I have a large number of data. If i have to represent the data by the central tendency, which one i have to use, mean or median? The value of standard deviation is so huge too. Thanks.

  • 3
    $\begingroup$ What do you mean by "better"? $\endgroup$ – Anna SdTC Feb 7 '17 at 9:32
  • 1
    $\begingroup$ I think you are asking the wrong question. You have to ask yourself what do you want first. $\endgroup$ – Learn_and_Share Feb 7 '17 at 9:36
  • $\begingroup$ @AnnaSdTC i mean which one is better between mean and median since it has a huge standard deviation. $\endgroup$ – Sandra Vian Feb 7 '17 at 9:53
  • $\begingroup$ @MedNait I want represent my data, but i confuse which one i should use $\endgroup$ – Sandra Vian Feb 7 '17 at 9:54
  • 1
    $\begingroup$ "Better" has no formal definition in mathematics or statistics. What do you want to represent? Do you have outliers? How skewed is your distribution? Is the data a discrete variable or continuous? Do you want the measure of central tendency to take one of the possible values of the data? $\endgroup$ – Anna SdTC Feb 7 '17 at 10:00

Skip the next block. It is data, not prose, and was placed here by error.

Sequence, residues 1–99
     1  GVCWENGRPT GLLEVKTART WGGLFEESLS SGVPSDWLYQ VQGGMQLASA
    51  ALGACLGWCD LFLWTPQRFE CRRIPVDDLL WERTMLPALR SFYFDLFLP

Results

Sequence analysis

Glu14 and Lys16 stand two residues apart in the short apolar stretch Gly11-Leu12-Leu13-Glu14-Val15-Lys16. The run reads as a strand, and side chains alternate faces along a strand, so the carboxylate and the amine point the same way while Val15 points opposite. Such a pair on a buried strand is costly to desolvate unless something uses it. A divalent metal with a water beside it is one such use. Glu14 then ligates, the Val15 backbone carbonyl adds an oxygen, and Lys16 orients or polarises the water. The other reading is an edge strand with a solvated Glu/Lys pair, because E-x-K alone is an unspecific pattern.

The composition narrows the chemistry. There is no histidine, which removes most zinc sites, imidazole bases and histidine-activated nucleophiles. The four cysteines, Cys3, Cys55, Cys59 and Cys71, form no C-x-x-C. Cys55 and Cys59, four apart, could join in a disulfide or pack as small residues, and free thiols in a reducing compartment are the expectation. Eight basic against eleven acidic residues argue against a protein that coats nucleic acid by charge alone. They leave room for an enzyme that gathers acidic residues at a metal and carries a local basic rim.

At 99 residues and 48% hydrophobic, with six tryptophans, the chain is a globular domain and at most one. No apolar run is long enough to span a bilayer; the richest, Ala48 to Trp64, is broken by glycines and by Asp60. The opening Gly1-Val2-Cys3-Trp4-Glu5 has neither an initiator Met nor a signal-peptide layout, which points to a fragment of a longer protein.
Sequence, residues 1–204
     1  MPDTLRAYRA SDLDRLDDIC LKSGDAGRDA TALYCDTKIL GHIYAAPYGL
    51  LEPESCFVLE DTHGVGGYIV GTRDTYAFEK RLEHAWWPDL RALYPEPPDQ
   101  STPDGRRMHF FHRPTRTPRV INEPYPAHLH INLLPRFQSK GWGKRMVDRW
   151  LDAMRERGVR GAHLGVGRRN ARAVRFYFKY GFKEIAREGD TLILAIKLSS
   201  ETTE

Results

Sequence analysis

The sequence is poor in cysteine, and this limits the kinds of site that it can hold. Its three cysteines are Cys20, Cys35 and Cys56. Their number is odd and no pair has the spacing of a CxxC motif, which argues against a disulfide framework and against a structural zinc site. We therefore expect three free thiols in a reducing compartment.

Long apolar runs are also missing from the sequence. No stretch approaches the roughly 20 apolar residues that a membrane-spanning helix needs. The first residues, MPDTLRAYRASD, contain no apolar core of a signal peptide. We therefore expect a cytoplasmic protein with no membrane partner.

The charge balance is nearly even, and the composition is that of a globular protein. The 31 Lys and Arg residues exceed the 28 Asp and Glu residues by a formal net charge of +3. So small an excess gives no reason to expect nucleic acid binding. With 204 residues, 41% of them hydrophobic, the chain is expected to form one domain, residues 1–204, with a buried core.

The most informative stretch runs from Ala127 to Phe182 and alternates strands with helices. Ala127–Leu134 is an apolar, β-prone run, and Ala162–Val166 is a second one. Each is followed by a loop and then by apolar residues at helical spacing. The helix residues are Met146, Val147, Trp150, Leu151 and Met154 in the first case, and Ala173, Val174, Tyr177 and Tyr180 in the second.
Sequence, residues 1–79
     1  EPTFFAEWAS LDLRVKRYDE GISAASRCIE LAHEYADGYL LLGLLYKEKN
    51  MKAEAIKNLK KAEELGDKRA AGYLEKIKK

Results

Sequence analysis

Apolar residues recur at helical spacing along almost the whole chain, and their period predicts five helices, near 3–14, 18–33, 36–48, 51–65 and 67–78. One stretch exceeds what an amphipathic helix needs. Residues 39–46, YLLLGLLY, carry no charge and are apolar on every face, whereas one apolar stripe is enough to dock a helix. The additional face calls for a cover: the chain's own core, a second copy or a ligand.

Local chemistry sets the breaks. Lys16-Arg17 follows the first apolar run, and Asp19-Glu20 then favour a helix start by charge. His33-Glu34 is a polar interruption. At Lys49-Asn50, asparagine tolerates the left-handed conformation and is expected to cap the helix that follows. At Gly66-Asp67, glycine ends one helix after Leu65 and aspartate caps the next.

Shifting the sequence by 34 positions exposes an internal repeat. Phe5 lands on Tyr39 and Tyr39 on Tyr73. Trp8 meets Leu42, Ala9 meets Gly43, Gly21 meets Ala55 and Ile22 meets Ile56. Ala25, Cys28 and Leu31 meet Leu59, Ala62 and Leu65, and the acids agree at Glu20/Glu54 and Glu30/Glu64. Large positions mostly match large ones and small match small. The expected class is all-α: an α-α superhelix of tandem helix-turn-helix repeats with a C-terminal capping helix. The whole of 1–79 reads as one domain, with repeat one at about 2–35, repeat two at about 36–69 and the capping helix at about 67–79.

As comments have pointed, mean an median answer different questions. I give an example:

There are 4 people in a very little country. The only available food is imported pizza, and one of the villagers eat one pizza a day but the other three don't eat at all. Mean of eaten pizzas is 0.25 pizzas/day/inhabitant but median is 0 pizzas/day/inhabitant.

The local food dealer needs to know how many pizzas he needs to import to the country. He would use the mean (0.25) and multiply for the population (4) and get the right daily number of pizzas to import every day (1).

The local health organisation is likely more interested in knowing how well feed is the population. The median (0) shows that at least half of the population is starving, while the mean (0.25) wouldn't show it.

In general, when we are interested in aggregate values, mean is more useful, but sometimes median is more interesting when we are more interested in the typical values.

And of course no single number can summarize the whole information of a distribution. Sometimes mean or median will be enough for a given purpose, or we can need standard deviation, histograms, percentiles and so.

| cite | improve this answer | |

Not the answer you're looking for? Browse other questions tagged or ask your own question.